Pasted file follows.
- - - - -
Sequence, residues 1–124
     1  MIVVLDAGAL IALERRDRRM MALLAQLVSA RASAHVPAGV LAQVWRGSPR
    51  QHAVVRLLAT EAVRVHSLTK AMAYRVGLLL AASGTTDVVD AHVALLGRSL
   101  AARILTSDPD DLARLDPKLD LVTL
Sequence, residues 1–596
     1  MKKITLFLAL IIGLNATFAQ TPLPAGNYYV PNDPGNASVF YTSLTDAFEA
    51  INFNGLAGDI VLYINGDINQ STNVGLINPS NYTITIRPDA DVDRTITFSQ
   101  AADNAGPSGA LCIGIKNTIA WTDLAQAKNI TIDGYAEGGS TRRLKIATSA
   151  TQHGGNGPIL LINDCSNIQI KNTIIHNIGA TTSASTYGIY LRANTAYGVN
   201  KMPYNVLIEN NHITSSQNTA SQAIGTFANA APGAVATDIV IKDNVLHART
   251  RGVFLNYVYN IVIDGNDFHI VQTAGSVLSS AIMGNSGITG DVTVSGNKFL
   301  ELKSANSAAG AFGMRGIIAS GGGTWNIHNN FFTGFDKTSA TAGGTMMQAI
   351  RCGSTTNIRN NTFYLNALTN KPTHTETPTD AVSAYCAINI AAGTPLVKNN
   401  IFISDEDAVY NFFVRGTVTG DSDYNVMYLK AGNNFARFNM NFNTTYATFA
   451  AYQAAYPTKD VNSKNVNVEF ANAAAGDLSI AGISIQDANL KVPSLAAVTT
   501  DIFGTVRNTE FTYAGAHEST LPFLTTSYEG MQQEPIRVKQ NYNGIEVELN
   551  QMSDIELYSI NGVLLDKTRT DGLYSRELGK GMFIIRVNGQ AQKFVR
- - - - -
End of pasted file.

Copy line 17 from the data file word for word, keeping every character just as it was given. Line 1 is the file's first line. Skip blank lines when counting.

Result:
   551  QMSDIELYSI NGVLLDKTRT DGLYSRELGK GMFIIRVNGQ AQKFVR